NSSPI helps lead workshop on nuclear security design vulnerability assessment in India

February 14, 2019
| By: Kelley Ragusa

From Jan. 29 through Feb. 1, the Center for Nuclear Security Science and Policy Initiatives (NSSPI) of the Texas A&M Engineering Experiment Station at Texas A&M University collaborated with Amity University in India, Oak Ridge National Laboratory (ORNL) and the U.S. Defense Threat Reduction Agency to conduct a nuclear security workshop on the topic of nuclear security design vulnerability assessments and battle board table top exercise for Indian academics. 

The workshop was hosted by Amity University at their campus in Noida, which is in the Uttar Pradesh region near New Delhi. Fifty-five students, technical staff and faculty members from nine different universities and academic institutions, one non-governmental organization and two governmental institutes across India participated in the workshop. NSSPI and ORNL developed the instructional materials and provided the instructors, which included Dr. Sunil Chirayath, NSSPI director and associate professor in the Department of Nuclear Engineering, and Dr. Evans Kitcher, NSSPI assistant research engineer.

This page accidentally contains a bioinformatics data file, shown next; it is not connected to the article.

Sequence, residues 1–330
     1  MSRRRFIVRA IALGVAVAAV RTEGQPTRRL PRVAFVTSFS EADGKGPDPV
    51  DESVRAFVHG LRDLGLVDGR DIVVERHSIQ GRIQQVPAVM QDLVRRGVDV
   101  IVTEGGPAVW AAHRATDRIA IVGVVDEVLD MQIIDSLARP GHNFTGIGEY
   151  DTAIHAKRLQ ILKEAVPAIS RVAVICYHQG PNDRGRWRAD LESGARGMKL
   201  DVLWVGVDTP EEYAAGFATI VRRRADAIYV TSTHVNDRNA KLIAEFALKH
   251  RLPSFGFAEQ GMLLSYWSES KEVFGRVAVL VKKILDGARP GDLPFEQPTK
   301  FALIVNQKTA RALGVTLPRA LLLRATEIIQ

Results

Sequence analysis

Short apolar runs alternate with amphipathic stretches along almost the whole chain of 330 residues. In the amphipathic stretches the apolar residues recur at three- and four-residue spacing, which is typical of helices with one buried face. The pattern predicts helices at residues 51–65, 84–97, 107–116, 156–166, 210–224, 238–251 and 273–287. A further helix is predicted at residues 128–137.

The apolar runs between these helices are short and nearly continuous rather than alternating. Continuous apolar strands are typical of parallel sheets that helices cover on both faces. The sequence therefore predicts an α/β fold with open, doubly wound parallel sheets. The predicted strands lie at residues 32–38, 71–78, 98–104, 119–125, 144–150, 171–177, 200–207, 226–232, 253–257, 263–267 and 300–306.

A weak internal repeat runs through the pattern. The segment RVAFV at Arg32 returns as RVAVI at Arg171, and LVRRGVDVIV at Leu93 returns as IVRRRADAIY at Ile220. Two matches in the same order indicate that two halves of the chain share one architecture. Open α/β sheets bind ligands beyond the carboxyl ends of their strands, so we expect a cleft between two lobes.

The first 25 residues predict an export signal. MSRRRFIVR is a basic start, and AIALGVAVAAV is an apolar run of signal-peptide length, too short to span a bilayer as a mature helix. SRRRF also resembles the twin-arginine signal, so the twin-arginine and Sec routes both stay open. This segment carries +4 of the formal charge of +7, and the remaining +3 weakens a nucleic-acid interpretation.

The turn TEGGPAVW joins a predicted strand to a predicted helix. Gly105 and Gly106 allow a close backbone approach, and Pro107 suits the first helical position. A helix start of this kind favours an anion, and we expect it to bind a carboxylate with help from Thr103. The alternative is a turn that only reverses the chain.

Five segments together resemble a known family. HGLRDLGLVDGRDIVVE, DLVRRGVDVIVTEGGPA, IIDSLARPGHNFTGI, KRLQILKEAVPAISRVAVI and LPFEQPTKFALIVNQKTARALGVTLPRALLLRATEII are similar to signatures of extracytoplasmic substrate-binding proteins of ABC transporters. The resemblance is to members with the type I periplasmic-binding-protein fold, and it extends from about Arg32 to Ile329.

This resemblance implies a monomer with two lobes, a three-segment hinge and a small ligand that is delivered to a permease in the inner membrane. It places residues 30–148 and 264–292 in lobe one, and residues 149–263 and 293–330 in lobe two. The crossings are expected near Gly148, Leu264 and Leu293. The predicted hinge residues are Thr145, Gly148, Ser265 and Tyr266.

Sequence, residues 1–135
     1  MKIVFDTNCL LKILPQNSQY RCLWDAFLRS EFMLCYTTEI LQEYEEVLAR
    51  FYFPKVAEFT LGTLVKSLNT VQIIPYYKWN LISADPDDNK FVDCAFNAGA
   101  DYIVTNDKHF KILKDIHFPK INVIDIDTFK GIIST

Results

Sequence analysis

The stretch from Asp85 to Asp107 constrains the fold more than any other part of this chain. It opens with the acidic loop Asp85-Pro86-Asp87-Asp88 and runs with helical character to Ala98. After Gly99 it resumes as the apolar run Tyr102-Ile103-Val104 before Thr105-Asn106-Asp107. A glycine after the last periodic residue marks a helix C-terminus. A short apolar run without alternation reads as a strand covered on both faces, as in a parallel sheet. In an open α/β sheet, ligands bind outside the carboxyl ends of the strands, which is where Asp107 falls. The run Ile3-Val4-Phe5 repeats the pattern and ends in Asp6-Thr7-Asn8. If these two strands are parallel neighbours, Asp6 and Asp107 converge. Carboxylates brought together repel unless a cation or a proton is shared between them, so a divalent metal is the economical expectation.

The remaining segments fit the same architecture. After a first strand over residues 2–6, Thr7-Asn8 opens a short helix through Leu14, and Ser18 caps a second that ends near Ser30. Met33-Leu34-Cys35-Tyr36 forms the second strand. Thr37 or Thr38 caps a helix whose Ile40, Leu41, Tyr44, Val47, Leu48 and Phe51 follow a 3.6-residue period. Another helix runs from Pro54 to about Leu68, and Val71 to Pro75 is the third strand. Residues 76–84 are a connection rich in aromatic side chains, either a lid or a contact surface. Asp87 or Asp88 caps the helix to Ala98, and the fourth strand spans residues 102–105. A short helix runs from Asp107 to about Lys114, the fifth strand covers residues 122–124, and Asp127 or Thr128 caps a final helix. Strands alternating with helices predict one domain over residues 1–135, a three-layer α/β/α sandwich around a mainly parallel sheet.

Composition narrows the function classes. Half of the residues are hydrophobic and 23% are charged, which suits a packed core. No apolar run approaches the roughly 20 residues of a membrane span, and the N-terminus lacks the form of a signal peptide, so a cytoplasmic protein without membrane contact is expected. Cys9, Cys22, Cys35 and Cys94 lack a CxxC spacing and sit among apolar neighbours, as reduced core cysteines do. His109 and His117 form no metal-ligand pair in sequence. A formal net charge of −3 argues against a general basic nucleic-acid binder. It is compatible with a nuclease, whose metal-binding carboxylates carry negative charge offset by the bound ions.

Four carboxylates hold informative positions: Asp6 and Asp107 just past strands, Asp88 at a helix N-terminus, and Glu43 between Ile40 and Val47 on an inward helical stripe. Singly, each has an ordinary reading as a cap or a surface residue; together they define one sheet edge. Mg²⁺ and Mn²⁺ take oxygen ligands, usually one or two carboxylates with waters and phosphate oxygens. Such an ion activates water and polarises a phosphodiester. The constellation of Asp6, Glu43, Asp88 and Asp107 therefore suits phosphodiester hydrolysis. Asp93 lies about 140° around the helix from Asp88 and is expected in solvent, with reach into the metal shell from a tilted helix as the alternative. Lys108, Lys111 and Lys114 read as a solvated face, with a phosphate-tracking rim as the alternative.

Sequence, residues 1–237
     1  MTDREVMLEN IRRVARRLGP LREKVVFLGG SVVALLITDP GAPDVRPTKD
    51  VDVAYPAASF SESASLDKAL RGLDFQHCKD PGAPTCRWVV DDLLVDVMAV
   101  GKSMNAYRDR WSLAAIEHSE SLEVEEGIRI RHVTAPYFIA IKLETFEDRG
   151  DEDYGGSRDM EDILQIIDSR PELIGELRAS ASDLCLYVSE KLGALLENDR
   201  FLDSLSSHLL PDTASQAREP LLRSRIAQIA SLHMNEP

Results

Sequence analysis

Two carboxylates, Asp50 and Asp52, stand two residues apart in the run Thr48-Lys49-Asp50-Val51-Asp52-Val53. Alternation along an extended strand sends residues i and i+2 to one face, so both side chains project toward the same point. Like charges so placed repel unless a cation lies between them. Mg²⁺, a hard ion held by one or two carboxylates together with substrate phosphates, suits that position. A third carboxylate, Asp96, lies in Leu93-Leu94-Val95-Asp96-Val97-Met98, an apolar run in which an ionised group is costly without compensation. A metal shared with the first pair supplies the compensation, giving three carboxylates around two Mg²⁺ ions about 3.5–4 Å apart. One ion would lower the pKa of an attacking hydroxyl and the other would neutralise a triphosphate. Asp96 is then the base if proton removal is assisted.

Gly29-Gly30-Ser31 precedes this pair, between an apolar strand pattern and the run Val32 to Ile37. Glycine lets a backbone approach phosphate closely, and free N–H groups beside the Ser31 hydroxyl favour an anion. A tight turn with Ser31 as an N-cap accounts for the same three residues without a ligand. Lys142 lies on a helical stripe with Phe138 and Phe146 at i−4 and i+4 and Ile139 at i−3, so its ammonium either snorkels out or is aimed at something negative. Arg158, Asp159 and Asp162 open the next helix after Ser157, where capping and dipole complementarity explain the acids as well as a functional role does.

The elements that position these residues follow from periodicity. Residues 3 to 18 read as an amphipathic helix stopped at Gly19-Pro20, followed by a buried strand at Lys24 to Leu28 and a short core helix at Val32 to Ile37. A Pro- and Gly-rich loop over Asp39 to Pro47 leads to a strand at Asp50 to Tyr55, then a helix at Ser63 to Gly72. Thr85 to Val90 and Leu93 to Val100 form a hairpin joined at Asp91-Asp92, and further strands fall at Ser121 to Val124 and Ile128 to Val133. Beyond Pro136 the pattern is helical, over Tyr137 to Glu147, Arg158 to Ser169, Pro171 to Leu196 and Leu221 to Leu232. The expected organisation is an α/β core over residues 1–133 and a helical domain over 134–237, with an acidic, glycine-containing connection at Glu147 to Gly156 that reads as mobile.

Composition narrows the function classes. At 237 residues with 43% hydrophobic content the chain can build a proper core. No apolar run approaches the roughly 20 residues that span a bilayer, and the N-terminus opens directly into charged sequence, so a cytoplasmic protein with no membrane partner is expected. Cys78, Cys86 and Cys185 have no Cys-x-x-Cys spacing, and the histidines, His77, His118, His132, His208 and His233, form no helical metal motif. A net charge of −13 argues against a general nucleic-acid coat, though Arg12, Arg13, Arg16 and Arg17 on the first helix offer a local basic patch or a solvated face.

The objective of the workshop was to provide training to Indian university faculty, students and nuclear professionals in the area of comprehensive nuclear security system design, as well as how to perform vulnerability assessments and do hands-on tabletop exercises. After familiarizing the participants with the basic concepts involved in physical protection systems, nuclear security design vulnerability assessment and the calculation of nuclear security risk, the instructors led two different interactive tabletop exercises. 

The first exercise focused on vulnerability assessment, including the creation of an adversary sequence diagram to compute the probability of interruption and probability of neutralization for a typical nuclear research reactor. The second, a battle board exercise, demonstrated physical protection system operations through a turn-based simulation similar to a combat-oriented board game. Both exercises gave the participants practical experience with applying nuclear security vulnerability assessment in a realistic situation.

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